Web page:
Manhattan isn’t wasting any time raising the stakes this season. Much of this week’s episode was a set piece centered on the plight of “disappeared” physicist Frank Winter as his situation goes from bad to worse. It’s entitled “Fatherland,” but the writers could just as easily have called it, “Oh, Just Give John Benjamin Hickey an Emmy Already!” Because Hickey gives a truly a knockout performance.

Spoilers below....

So where is Frank Winter? He’s in a grungy prison cell, a good 10 feet underground, as Occam — a.k.a. Avram Fischer (Richard Schiff) — tells him. Fischer still thinks he’s a spy, and now we find out why: in 1936, Frank went to Sweden to see a friend receive the Nobel Prize in Physics. He took the opportunity to make a side trip to Leipzig, Germany, staying two months — a detail he was careful to conceal when he interviewed for the Manhattan Project. Fischer leaves his prisoner with a sandwich, a file of documents, and an admonition to consider his next move carefully: “I’m the only living soul that knows where you are.”

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That’s bad news for Frank, because Fischer was brutally murdered in last week’s episode. Frank could die in this underground cell, catching glimpses of daylight through the grating above and listening to the plink-plink-plink of water dripping into a metal bucket.

Cut to that same bucket, now nearly full. Who knows how many days have passed? Frank hallucinates his wife, Liza (Olivia Williams), as he rifles through the file Fischer left for him, which includes photographs of equations of German scientists supposedly provided to the U.S. by “Magpie”—their spy in the German camp, who lost his head when his treachery was discovered in Season 1. “You missed something,” Vision-Liza tells him. And then he takes a closer look at the variables in those equations. They spell out his daughter’s name: C-A-L-L-I-E. (See? I told you that detail would be relevant.) The Nazis have Frank’s work—which means he was wrong and Fischer was right: there is a spy on the Hill. “The Nazis are building their bomb on the back of my goddamned math.”

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Now he’s ready to talk. And someone must be listening, because the next time he wakes up, his cell door is ajar. He wanders into the main cell block — and an MP knocks him out with a rifle. The officer in charge has no idea who Frank is, or how he found his way into an active internment camp (they nickname him Houdini). “Anyone shows up here, off the books? That’s someone Uncle Sam wants disappeared.”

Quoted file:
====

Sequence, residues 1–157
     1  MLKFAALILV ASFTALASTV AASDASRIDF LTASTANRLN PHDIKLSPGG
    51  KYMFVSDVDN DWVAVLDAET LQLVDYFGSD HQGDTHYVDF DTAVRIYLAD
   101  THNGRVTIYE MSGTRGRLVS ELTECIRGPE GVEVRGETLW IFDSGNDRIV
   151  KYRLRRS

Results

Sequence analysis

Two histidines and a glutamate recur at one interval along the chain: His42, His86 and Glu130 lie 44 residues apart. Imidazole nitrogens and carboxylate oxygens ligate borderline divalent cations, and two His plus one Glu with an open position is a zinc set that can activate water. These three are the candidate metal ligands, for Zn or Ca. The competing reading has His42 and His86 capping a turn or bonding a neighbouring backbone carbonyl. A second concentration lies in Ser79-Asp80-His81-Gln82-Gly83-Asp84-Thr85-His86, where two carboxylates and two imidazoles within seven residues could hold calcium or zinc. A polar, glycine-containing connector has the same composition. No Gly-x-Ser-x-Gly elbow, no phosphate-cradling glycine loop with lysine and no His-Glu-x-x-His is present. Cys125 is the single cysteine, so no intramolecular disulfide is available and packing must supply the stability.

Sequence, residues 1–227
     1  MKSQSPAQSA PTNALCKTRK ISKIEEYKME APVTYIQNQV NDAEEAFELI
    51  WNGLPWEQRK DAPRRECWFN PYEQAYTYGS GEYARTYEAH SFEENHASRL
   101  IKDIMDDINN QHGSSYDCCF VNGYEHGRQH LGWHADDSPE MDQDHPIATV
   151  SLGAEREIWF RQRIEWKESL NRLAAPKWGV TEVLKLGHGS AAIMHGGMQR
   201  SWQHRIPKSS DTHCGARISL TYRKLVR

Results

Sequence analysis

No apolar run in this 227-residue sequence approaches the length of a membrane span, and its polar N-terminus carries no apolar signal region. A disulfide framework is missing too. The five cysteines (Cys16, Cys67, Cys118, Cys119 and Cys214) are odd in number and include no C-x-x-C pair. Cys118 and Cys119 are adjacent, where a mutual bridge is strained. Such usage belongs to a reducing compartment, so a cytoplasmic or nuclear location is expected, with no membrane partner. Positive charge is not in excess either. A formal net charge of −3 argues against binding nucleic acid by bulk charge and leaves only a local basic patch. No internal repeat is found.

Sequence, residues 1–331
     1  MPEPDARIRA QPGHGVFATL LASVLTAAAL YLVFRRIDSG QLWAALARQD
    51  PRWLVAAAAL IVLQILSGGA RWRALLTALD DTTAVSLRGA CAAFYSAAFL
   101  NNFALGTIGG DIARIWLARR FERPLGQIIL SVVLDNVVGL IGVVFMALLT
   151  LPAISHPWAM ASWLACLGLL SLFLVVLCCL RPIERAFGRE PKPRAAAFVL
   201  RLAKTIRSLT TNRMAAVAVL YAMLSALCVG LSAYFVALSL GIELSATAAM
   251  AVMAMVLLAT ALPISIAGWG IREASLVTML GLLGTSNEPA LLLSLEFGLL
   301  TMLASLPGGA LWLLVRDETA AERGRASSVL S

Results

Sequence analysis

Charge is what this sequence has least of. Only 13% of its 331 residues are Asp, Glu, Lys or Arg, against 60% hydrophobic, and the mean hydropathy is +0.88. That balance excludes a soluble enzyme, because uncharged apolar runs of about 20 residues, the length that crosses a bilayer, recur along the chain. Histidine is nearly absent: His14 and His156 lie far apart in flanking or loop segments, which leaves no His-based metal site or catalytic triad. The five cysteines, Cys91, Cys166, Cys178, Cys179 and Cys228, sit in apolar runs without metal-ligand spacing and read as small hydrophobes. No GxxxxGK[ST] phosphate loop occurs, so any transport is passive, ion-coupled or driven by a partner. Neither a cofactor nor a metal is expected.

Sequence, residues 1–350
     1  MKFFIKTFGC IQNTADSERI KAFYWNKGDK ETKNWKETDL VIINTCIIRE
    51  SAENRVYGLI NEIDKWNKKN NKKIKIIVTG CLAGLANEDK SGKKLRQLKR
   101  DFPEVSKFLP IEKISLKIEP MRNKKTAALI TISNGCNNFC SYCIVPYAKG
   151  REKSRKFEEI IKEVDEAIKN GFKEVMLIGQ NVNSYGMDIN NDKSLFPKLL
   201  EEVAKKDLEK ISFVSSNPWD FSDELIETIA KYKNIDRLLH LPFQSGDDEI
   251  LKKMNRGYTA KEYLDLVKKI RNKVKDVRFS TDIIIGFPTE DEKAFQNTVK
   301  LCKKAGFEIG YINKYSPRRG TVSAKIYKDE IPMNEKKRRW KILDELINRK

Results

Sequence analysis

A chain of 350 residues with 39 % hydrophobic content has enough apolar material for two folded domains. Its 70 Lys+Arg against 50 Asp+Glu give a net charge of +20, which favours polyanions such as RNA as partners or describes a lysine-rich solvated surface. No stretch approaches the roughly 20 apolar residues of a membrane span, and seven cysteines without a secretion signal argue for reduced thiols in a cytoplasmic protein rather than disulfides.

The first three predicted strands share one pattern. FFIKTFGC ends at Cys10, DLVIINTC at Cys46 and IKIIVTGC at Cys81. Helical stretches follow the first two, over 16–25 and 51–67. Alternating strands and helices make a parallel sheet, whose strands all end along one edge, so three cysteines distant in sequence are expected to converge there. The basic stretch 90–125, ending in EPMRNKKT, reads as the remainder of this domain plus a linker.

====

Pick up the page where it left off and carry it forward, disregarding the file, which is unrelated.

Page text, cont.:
And thus an elaborate game begins. The MPs call it “Tosa,” after the Japanese fighting dogs. They throw another prisoner in with him in the cell block—and wait for them to fight to the death. What does it take to drive an otherwise decent man to murder? Frank’s knowledge of game theory serves him well here; he reasons with his opponent, assuring him that they can trust each other and eventually escape. The other man says he is Joseph Beuker; Frank gives his name as “Charlie Isaacs.” (So much for trust.)

Why pair these two men together? They gradually share personal details as Frank looks for a working telephone box, and/or a handy escape route, so he can warn Oppenheimer about the spy. Frank keeps hearing strains of a melody being played on a distant piano—the tune turns out to be the “Mourning Cantata for King Frederick” by 18th century German-Danish composer Johann Adolf Scheibe, who just happens to be experiencing a resurgence of popularity in Nazi Germany. Joseph figures he’s a fellow Nazi sympathizer and pesters him about who played Scheibe for him. Then he goes all “heil Hitler” on Frank, insisting he has nothing against the Jewish people, he just wants “open debate” about the impact of the Jews on their “host cultures.”

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This is all part of the plan. The dogs won’t fight, so the MPs heat up the cage. They also slide two covered plates of food into the cell block, but instead of food, there’s a bullet for one of them, and a gun for the other. Eventually they’re trapped in the boiler room, and the tension comes to a boil. An exhausted Frank confesses his real name, and tells Joseph that his mother was the one who played Scheibe for him. A German mail-order bride, she abandoned her family when Frank was young, and he only found her again in 1936. That’s why he went to Leipzig. And when he finally found his mother, she called the Gestapo on him.